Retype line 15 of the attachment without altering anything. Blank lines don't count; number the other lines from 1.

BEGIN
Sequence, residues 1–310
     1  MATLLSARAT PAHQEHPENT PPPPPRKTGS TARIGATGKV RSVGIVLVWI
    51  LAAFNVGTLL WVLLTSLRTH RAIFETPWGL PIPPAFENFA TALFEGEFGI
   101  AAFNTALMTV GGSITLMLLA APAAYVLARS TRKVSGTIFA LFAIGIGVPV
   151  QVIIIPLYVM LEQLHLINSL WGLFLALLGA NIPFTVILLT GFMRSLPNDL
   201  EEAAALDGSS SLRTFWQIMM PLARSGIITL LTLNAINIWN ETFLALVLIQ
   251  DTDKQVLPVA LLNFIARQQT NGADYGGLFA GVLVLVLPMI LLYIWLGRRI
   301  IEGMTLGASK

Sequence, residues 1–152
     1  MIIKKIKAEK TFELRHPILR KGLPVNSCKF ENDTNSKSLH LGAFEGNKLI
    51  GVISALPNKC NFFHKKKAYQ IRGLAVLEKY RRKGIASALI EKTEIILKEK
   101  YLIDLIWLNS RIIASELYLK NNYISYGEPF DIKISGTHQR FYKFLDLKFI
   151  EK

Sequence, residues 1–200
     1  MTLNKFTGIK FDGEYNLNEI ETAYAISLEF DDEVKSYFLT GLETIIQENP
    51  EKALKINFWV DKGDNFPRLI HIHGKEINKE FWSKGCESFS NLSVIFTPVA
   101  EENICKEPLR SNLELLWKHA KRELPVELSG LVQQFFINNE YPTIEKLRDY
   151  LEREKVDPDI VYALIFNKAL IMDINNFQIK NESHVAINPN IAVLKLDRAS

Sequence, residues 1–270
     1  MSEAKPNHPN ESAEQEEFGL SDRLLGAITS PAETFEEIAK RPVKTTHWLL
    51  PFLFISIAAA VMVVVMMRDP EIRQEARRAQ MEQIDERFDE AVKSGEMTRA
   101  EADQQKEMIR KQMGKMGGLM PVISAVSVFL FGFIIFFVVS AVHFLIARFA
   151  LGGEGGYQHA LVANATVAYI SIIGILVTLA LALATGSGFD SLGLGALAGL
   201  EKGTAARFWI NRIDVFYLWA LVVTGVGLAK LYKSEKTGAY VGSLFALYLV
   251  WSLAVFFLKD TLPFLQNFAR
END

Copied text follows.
     1  MTLNKFTGIK FDGEYNLNEI ETAYAISLEF DDEVKSYFLT GLETIIQENP